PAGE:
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Publication numberUS1060357 A
Publication typeGrant
Publication dateApr 29, 1913
Filing dateOct 31, 1912
Priority dateOct 31, 1912
Publication numberUS 1060357 A, US 1060357A, US-A-1060357, US1060357 A, US1060357A
InventorsEdward Harmon Nies
Original AssigneeEdward Harmon Nies
Export CitationBiBTeX, EndNote, RefMan
External Links: USPTO, USPTO Assignment, Espacenet
Artificial embankment.
US 1060357 A
Images(2)
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Description  (OCR text may contain errors)

E. H. NIES.

Ammann EMBANKMENT.

APPLICATION FILED 0GT.31,1912.

' Patnted A191229, 1913.

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ARTIFICIAL EMBANKMENT.

APPLICATION FILED 00T. 31, 1912.

Patented Apr. 29, 1913.

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EDWARD HARIION NIES, 0F ROCHESTER, NEW YORK.

ARTIFICIAL EMBANKMENT.

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Specification of Letters Patent.

Patented apr. as, isis.

Application led October 31, 1912. Serial No. 728,764.

To all whom it may concern:

Be it known that I, EDWARD IIARMON Nilis, of Rochester, in the county of Monroe and State of New York, have invented a new and useful Improvement in Artificial Embankments, which improvement is fully set forth in the following specification and shown in the accompanying drawings.

The present invention relates to artificial embankments designed for use on rivers or other bodies of water and an object of the invention is to provide a construction which may be used either as a current deflector for deepening and narrowing river beds or as a protector for spoil banks.

Another object of the invention is to provide a construction which may be formed from inexpensive material, and which, at the same time, will have suflicient lateral strength to withstand displacement.

To these and other ends the invention consists in certain parts and co-mbinations of parts all of which will be hereinafter described, the novel features being pointed out in the appended claims.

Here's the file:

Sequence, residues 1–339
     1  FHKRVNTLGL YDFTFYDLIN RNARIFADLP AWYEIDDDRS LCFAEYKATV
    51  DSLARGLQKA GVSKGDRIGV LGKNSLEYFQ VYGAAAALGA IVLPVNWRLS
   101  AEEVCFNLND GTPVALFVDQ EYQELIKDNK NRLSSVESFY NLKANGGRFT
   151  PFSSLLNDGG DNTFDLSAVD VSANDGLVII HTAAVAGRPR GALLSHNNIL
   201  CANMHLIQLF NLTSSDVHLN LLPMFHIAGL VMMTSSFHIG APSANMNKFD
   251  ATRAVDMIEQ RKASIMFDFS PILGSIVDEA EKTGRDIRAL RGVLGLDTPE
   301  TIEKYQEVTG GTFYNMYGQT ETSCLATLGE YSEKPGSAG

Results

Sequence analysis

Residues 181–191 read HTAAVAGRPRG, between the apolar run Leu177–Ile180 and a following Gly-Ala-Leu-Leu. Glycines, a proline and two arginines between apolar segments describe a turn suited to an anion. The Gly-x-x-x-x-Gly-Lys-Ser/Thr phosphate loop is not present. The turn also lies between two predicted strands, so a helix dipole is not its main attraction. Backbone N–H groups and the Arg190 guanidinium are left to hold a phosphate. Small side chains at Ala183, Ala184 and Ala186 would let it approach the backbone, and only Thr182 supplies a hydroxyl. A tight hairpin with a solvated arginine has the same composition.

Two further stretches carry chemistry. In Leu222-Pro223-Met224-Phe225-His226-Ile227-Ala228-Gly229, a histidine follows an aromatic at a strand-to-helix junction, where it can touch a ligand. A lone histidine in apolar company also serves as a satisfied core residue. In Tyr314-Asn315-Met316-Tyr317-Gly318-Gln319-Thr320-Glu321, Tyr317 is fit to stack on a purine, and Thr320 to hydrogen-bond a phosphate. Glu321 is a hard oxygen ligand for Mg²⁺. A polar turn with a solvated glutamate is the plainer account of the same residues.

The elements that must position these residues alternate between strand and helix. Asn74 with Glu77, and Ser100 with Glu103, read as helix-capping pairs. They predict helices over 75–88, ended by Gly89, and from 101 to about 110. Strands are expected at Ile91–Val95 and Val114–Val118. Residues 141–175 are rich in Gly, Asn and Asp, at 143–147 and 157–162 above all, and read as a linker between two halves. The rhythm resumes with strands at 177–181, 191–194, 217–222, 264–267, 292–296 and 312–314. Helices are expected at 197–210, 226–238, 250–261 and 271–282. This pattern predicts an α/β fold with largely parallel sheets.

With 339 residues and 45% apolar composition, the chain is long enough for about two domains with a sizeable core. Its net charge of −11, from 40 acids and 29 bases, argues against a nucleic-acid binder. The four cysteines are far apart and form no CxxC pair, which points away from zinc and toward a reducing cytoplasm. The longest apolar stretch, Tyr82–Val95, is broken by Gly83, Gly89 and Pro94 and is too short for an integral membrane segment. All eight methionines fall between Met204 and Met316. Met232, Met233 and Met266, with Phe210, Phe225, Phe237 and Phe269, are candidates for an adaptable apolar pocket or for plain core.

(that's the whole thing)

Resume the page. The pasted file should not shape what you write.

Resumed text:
In the drawings: Figure 1 is a plan view of the river equipped with the present improvements; Fig. 2 is a transverse section through the river; Fig. 3 is a transverse section of the river showing another embodiment of the invention; Fig. 4 is a detail view showing the manner in which the current deflector is supported over depres sions in the river bed; and Fig. 5 is a section through a spoil bank employing the improved construction.

In some part-s of the United States, and more particularly in the western parts, the rivers are becoming shallower and wider so that during spring freshets,.they spread out over great areas causing a great deal of damage bot-h to life and to property. It has been known for some years that these inundations can be prevented by forming permanent or non-washable embankments which will confine the river to a narrow course and, in this way, the river is caused to cut a deeper channel, making, in some instances, navigable waterways where before navigation was impossible.

According t-o this invention there is provided an inexpensive construction which will be more durable and more liable to collect material from the waters for forming the artificial embankments, this construction being also adapted for protecting spoil banks.

Referring again to the drawings, and more particularly to Figs. l and 2, l indicates the waterway and 2 the channel on opposite sides of which are arranged current deflectors. Ihese defiectors comprise a series of wire mesh sections arranged end to end along the opposite sides of the river bed, preferably, between two series of posts which are arranged in staggered relation, said posts being driven into the river bed. The sections are made of wire mesh and are bent into inverted U-shape, providing two upright portions 4, and a curved portion 5 connecting the upper parts or portions of the upright portions. rlhe lower ends of the upright portions are turned laterally and preferably outwardly to strengthen their lower edges, and, at the same time, to provide feet for resting upon the river bed. These feet, in time, will be come covered with dirt or debris and serve as anchors. The sections are tied to the posts 3 in any suit-able manner but preferably by means of hooks 7 anchored in the posts and having wire `ties 8 connecting them with the sections.

In the embodiment of the invention shown in Fig. 3, the section comprises an upright portion 4a having a curved portion 52 along its upper edge formed by bending the wire mesh laterally; and also having a laterally extending portion 6a at its lower edge forming a rest. Vire ties 8 and hooks 7 may be employed for securing these sections to the posts 3.